The project is also highly structuring in the long term, open to future development not based, as has been the case until now, on piecemeal availability of land opportunities. This demonstrates the ability of a pragmatic and reactive architectural vision to regenerate a large condemned institutional urban site, progressively decaying, in the heart of Paris.
It is also a negotiated and balanced project insofar as the demolition of some run-down and unsuitable buildings, is more than compensated by the rehabilitation and show-casing of the most interesting historical heritage within the new site plan. Finally, this project saves ground space by offering, in the very heart of the site and the district, a landscaped park of almost one hectare in natural ground, after having built twice as much surface area as was demolished.
A new architectural image.
The double skin on the corner building and the ground level filter reflect the careful consideration given to the relations between the inside of the hospital and its immediate urban environment. At the junction of rue de Sèvres and boulevard Montparnasse, a corner building defines the urban and architectural link between the new Laënnec building and the surrounding buildings.
Hiding the large neighbouring pinion wall on boulevard Montparnasse, it negotiates the corner by asserting the public nature of the construction while respecting the neighbouring volumes and structures. Its architecture is based on a pleated solar double facade comprised of multiple glass facets to protect against the noisy crossroads. The progressive offset, from bottom to top, of the broken vertical bands, lightens the volume and reflects ad infinitum the perpetual movement of the crossroads.
Due to its complex and changing nature, the pleated double skin creates progressive, adapted relations between the various scales of the site. This type of facadePhilippe Gazeau architecte _ firstname.lastname@example.org 2 / 4makes a break from traditional hospital buildings, it represents a specific and contemporary response to the urban and architectural context.
The architecture is bright, happy and welcoming, understandable by all: patients, families and local residents alike.Bright skin. Above the glazed base on rue de Sèvres, the largest volume of the Laënnec building turns back towards the inside of the site through a system of successive indentations pushing back the highest levels towards the inside the plot.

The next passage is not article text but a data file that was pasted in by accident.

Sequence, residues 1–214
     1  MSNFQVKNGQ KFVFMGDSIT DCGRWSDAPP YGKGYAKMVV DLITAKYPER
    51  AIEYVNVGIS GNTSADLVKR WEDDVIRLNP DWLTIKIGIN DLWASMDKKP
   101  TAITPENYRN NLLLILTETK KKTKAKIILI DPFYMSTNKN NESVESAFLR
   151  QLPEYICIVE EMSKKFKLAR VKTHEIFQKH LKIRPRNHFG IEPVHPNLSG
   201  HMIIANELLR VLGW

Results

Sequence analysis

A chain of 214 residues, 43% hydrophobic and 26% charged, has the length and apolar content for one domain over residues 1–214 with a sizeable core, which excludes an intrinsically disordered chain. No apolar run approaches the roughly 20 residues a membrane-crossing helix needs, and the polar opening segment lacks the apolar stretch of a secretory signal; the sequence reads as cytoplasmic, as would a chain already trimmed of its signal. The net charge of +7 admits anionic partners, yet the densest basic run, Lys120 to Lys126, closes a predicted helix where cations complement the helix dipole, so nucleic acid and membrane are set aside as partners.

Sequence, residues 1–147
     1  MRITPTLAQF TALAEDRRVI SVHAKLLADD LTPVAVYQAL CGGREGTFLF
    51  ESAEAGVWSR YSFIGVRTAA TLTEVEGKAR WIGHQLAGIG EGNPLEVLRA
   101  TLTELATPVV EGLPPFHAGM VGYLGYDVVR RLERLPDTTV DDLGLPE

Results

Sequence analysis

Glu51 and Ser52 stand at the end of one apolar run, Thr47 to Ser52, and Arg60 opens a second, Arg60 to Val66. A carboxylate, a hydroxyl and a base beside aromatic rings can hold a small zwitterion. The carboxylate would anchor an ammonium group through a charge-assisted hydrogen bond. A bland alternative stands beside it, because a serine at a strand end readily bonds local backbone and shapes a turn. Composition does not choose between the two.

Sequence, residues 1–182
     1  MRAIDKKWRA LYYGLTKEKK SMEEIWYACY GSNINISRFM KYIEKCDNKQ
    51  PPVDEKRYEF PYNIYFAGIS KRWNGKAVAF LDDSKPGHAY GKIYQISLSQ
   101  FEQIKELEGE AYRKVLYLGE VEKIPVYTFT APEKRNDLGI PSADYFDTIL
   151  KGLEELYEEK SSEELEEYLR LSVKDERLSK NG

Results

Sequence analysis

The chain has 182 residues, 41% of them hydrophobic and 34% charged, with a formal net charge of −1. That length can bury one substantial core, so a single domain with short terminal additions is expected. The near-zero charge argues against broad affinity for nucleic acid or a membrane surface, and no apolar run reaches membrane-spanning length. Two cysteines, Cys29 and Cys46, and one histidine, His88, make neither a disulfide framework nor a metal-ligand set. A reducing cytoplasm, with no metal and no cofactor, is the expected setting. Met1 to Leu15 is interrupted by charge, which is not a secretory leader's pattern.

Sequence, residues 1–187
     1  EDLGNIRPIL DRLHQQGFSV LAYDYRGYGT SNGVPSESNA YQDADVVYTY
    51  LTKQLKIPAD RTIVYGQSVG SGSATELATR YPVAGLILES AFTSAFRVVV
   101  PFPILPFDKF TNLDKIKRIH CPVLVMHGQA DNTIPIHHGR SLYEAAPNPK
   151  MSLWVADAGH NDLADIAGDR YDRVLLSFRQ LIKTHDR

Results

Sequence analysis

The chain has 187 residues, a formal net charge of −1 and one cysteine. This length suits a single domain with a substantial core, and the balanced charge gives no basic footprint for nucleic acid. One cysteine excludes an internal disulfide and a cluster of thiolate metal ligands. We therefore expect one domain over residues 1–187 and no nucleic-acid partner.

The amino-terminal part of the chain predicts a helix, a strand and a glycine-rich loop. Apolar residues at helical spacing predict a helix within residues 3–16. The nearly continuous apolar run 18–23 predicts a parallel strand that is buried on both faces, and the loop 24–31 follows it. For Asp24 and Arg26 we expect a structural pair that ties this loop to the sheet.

The facades of the four floors of rooms located between the base and the roof are surrounded by a bright texture consisting of a second printed translucent glass protective skin wrapping the curtain wall providing weather protection, in order to filter the light and form a frame for the exterior scenery.
The translucent material diffuses soft, homogeneous light towards the interior spaces, dims the exterior brightness to give depth to the facades and reflects at the same time the changing moods of the weather and the brightness of the day and night lights of the city. These glazed panels act as diffracted reflections of the combined atmospheres of the urban context on rue de Sèvres side and the landscaped environment of the large interior garden.
The facade therefore expresses the attention paid to the ambiance and inner comfort rather than a formal arbitrary composition.
Public garden. Locating the Laënnec building on the Duroc crossroads releases space inside the site for a large central garden, an area for walking, relaxing and urban relation. This vast free landscaped area combines, structures and unifies the disparity of styles and architectures existing on the hospital site and connects rue de Sèvres and rue Vaugirard via a public footpath.
The footpath between the buildings leads to a large central park of lawns planted with spindle trees and coppice trees with asphalt or grass alleys running between them. More or less steep slopes, direct or winding paths allow people to pass quickly through the park or just take their time, as they please.